The rise of two strikingly similar mobile live-video streaming apps—Meerkat and Periscope—has recently provided a thrilling little competition.
Meerkat, an experimental spinoff from a failing video startup, launched in late February. It built steam as its audience evolved from early-adopter-types to Hollywood celebrities, attracting more than 500,000 users.
Periscope, a startup that Twitter had acquired earlier this year, exploded onto the scene last week. Periscope fed on Meerkat’s buzz to quickly leapfrog it in popularity, as measured by tweets with links to each service.
But after a big spike, Periscope has fallen back to earth. Over the past few days, Periscope links have received a few thousand more tweets per day than Meerkat, according to Topsy, which tracks Twitter. That’s hardly an insurmountable lead.
Many expect Periscope to win. Its affiliation with Twitter seems like a real strength, considering Twitter’s distribution power, its ability to directly integrate Periscope, and its relationships with media and celebrities. But it’s hardly clear if this will be a winner-take-all market—or whether live streaming will simply become a feature of every social product, from Snapchat to WhatsApp. (And—if so—if someone will purchase Meerkat for a lot of money.)
“This is not a zero-sum game,” Josh Elman, the Greylock partner who just led Meerkat’s $12 million financing round, tells Quartz. (In addition to working in product roles at Facebook, Twitter, and LinkedIn, Elman started his career at RealNetworks, the 1990s streaming video pioneer, and has watched the industry evolve over 18 years.)
“The number of multi-billion-dollar companies around the distribution, programming, and content of live video is massive,” Elman says, calling out the uniquely interactive and participatory nature of this new wave of mobile services. “There’s so much opportunity here, it’s crazy.”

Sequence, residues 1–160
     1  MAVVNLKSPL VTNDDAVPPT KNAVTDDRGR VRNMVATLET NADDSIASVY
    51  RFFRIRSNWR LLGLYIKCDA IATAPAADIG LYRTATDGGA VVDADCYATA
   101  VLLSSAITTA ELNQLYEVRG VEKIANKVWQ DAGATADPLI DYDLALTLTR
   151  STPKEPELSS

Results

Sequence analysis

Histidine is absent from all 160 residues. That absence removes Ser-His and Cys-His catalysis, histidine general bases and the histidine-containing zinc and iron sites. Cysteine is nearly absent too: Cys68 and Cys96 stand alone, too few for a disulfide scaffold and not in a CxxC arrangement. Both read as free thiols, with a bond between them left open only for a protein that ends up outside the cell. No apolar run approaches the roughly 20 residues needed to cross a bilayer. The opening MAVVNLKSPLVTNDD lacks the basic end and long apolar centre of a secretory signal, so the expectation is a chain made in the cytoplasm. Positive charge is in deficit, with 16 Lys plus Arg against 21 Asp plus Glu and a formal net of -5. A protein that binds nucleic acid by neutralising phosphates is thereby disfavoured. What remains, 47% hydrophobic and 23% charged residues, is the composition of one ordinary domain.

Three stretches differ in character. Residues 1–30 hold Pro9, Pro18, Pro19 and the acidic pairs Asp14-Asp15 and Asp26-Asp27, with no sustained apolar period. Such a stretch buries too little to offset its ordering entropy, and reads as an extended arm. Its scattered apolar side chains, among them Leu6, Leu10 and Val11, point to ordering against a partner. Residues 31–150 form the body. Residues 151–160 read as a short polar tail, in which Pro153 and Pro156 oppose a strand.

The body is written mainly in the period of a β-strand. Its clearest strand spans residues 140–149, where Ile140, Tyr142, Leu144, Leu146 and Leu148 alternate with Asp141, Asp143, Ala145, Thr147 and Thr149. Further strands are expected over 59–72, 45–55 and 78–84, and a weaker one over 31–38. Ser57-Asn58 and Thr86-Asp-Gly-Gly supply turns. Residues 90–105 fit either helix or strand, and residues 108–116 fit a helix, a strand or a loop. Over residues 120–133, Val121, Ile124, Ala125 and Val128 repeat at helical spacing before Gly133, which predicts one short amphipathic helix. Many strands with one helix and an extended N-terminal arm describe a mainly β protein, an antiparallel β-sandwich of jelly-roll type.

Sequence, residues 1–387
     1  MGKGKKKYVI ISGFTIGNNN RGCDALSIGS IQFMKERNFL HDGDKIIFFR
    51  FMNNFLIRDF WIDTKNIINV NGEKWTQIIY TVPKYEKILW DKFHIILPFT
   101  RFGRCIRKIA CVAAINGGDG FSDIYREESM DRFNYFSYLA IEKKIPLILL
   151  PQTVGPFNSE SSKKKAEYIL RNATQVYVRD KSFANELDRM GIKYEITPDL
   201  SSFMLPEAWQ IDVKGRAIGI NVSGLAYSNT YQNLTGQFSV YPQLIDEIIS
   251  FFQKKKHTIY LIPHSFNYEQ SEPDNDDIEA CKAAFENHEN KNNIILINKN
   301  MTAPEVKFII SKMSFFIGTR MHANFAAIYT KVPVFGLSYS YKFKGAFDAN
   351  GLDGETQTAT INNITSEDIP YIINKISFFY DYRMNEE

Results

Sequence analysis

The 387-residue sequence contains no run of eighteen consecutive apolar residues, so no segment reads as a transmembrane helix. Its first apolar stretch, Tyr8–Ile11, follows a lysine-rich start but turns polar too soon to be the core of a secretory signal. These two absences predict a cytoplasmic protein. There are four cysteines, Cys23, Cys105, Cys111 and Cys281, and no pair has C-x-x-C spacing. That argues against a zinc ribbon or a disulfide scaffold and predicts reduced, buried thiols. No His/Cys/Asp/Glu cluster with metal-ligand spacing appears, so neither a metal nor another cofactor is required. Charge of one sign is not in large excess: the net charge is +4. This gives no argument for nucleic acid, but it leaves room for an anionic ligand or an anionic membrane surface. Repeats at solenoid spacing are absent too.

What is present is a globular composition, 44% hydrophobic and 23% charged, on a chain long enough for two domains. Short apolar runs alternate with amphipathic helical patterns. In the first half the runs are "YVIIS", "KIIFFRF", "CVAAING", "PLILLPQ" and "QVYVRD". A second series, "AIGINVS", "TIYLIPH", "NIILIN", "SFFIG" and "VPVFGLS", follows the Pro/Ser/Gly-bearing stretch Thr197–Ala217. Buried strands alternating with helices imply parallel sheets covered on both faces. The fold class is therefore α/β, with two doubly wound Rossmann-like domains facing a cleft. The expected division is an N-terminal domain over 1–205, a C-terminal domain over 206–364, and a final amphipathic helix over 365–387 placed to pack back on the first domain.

The bigger question: Is this new market going to last? Or is it simply a fad, like Chatroulette years ago?
It’s easy to see why live streaming is finally catching on. From a practical standpoint, mobile networks are now fast enough in many places to support high-quality video streaming. (Our early experience with these services, however, has been flaky.) Screens are bigger, and people are simply watching more video on their phones. From a business perspective, this is also a potentially great development. Video is an excellent medium for advertising, and the immediacy of live events is an added bonus.
Meanwhile, thanks to the popularity of services like Snapchat, Vine, and Twitter, people seem increasingly comfortable publishing video of themselves.
But that hasn’t led to reliably great content on Meerkat and Periscope. In our experience so far, some streams have been pleasant, such as a live view of Tokyo’s Shibuya crossing. Some have been amusing. Others have been grotesque, such as a man using the toilet. None has been worth watching for more than a few moments.
The real magic seems to be the immediacy and breadth of available streams. There are still some questions to be worked out around the incentives for people to create and watch streams, especially once the initial curiosity and experimentation wears off. But there seems to be something here. The real key for Meerkat and Periscope, now, is to build the best possible tools for creating and participating in these streams, and making them an essential part of millions of lives. The race is on.